Mei-Ling Hom's wire mesh sculptures are symbols of good fortune.
by Roberta Fallon
My friend and collaborator Libby Rosof and I went to Mei-Ling
Hom's South Philadelphia studio on Aug. 9. Hom invited us in to preview a body
of work she'd soon be installing in the Smithsonian Institute's prestigious
Sackler Gallery. A sculptor whose work deals with the issue of being Chinese in
America, Hom is a public artist whose work I've long admired.
Not only is the artist and Pew fellow installing at the Sackler,
but she just won a design competition for the campus walkway at Fleisher Art Memorial.
In October her "Chinatown Eyes" will debut as part of the Asian Arts Initiative's
PEI-funded "Chinatown Influx" project. (Hom's the only local artist
included in that effort.)
And the morning we visited she'd just shipped some large
sculptures (her "Silkworm" pieces made in conjunction with the Fabric
Workshop and Museum) to Tufts University Museum for a show. All this is in addition
to teaching at Community College of Philadelphia.
Hom is a gentle, generous soul. Our visit, which I thought would
last an hour, stretched to more than two and a half, fueled by green tea and a bubbly,
wide-ranging conversation about art, studio life, South Philadelphia and China.
Hom's husband David McClelland-himself an artist, writer, carpenter and
Hom's assistant on her installations-was an active participant in our
discussion. The couple seem to be completely in sync.
Seeing work in an artist's studio requires imagination. Studios
are happy places but usually cluttered with tools and raw materials. In Hom's
cavernous, high-ceilinged studio, the new work-35 wire mesh clouds, hanging
from the ceiling, sitting on boxes and curled up in the corner-was almost invisible.
Hom's clouds are made from standard-issue chicken wire that
the artist bends into shapes and closes at the ends the way you would if you were
making a pillow or a stuffed animal. She doesn't start with a pattern but goes
straight to the chicken wire for inspiration. Hom uses the scratchy wire mesh itself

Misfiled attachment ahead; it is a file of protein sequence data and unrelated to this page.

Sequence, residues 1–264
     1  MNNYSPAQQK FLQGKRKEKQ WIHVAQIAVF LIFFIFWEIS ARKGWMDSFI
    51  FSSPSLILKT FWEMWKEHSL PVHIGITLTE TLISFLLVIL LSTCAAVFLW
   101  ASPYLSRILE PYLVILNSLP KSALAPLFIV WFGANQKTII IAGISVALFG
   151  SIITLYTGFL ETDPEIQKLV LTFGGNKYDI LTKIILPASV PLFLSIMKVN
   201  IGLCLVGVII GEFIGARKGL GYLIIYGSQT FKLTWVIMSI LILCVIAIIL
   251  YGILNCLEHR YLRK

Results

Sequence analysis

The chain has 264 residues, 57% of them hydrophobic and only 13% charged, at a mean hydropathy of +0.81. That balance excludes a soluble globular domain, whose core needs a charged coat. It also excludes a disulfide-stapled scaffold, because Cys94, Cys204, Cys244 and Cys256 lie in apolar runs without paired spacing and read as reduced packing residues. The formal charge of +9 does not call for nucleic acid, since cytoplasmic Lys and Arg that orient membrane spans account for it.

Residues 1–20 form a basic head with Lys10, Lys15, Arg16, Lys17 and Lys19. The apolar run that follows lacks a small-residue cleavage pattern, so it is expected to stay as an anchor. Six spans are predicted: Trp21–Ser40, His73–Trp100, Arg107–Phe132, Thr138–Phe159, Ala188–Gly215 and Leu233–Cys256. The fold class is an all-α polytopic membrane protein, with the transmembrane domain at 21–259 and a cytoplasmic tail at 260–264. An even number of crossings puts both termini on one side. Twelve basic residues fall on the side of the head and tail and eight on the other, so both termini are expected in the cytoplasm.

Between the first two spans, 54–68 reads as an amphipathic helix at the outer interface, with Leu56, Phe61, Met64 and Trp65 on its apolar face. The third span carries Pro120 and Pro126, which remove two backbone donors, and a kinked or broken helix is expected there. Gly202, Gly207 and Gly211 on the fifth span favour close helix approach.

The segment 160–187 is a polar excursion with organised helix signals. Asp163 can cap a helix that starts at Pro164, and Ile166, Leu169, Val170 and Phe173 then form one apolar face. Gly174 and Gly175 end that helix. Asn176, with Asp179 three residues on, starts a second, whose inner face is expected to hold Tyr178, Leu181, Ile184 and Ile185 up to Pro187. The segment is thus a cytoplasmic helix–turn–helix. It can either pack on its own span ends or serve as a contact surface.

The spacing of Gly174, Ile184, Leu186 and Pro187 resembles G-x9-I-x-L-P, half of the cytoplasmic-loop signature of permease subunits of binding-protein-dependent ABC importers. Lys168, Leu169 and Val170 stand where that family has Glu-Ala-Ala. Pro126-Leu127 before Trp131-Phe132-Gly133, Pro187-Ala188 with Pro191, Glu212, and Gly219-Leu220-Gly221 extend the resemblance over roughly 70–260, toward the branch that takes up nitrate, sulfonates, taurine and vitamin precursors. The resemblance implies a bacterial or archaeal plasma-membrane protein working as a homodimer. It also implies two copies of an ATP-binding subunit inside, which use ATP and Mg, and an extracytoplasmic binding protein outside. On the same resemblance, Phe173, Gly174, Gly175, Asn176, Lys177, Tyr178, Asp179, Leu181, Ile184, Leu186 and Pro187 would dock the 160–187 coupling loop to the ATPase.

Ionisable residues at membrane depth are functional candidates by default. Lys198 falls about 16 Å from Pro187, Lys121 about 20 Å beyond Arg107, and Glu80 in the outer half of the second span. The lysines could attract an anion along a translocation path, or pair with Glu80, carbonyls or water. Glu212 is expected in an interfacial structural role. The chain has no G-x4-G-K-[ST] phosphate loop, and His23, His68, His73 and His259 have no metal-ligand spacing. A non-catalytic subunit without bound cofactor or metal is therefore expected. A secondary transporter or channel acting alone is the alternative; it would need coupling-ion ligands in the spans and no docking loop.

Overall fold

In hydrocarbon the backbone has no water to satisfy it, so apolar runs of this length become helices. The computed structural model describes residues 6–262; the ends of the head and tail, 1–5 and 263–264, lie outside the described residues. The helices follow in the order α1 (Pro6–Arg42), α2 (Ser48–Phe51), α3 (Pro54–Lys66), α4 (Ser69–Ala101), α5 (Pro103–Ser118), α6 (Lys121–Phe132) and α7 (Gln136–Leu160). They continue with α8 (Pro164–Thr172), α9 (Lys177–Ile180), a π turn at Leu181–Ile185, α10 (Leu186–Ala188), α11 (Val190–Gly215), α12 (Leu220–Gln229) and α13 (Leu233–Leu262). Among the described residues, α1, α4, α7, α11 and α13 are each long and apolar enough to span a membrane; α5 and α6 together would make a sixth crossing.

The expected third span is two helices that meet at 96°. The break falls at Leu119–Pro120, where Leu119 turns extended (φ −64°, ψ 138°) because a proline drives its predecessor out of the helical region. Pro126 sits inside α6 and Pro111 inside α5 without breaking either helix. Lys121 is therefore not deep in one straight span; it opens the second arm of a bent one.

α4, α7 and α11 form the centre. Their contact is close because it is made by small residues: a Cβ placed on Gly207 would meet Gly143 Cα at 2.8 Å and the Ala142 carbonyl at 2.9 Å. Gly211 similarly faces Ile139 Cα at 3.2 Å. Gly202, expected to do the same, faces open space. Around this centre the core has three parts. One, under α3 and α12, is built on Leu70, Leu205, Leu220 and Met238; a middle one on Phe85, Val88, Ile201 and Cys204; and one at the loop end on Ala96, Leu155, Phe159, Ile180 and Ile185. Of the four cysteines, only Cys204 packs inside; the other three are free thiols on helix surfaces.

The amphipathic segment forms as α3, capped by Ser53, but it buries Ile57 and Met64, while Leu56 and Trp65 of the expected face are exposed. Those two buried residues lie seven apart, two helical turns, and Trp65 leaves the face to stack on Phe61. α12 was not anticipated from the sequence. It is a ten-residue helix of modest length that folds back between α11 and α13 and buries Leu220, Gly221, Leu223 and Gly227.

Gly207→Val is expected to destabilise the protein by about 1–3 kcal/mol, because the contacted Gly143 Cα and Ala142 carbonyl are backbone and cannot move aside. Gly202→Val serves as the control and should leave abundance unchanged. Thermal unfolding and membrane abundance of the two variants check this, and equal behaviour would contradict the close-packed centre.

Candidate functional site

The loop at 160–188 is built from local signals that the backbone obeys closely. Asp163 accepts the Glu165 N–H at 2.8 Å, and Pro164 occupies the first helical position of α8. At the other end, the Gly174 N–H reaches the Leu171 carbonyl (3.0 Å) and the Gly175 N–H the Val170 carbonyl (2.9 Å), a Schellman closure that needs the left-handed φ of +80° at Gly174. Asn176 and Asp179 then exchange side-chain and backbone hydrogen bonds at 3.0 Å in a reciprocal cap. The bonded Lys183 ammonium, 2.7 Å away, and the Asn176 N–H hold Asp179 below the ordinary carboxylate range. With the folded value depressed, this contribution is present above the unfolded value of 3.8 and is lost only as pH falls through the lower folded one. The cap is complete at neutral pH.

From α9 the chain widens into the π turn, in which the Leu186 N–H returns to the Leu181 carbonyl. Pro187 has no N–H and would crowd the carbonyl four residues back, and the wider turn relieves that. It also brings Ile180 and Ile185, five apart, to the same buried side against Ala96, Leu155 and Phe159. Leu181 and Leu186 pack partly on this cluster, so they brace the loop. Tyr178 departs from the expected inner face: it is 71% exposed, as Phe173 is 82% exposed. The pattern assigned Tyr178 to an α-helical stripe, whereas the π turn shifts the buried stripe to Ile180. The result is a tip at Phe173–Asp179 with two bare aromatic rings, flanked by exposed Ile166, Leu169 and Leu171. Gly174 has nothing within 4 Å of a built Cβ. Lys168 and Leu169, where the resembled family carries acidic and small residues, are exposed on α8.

to close the seams, twisting and knotting it with needle-nose pliers. Sometimes
she makes a dart this way too. (She covers her fingertips with electrical tape to
Like real clouds, the metaphorical clouds are dreamy and evocative,
but take up real space. It'll take four trucks to get the almost three dozen
clouds down to Washington, she says. The pieces will be on exhibit at Sackler for
six months. "Free storage!" Hom says. Actually there are six more clouds
waiting to be installed at Philadelphia International Airport, she adds, which is
even more free public-sector storage.
The airport clouds burst on the scene last year in a show at Fleisher-Ollman
Gallery, for which Hom commissioned Curtis grad Eli Marshall to compose a musical
accompaniment. She commissioned Marshall again for the Sackler piece. The recorded
music, played on a bamboo flute by a Chinese musician, will create a soundscape
that ebbs and flows as you stroll beneath the clouds suspended at different levels
and coming together in what Hom calls "a critical mass" at one end.
Hom met Marshall through Community College. "His grandmother
was my student, and she said, 'You should collaborate with my grandson.'"
Marshall, now living and working in Beijing after completing a Fulbright residency
there, will help install his new piece in Washington, D.C.
These are tight budget days for the Sackler, which has no money
for a reception. And Hom had to pay for the brochure out of her artist's fee.
But Smithsonian Magazine is doing a story about her.
Hom started making clouds in 2001. "The cloud is a symbol
of fortune," she explains. "Repeated cloud forms means never-ending fortune."
Her first efforts were carvings of laminated wood blocks using a hatchet. That's
bringing on the big guns to make something so ephemeral. But the small wood clouds
I saw in the studio strongly resemble their wire mesh second cousins twice removed.
"Chinatown Eyes," Hom's outdoor project for the
Asian Arts Initiative, was planned for the side of a building, but because the building's
going to be demolished, it'll be on the cyclone fencing on Vine Street. The
artist, ever flexible, retrofitted her idea to accommodate the new space.
Working with digital photographer Richard Ryan, Hom is photographing
the eyes of Chinatown community members. She'll enlarge the photos and place
the eyes, mural-like, on the fence facing both the passers-by on the expressway
and the residents of Chinatown. That project will have its official opening in late
Hom's eyes will be upon you this fall and her lyrical clouds
will be just about everywhere. Don't miss a chance to see them.
"Perspectives: Mei-ling Hom"
Sat., Aug. 27. Through March 5. Sackler Gallery, 1050 Independence
Ave., SW, Washington, D.C. 202.357.2700. www.asia.si.edu/exhibitions/future.htm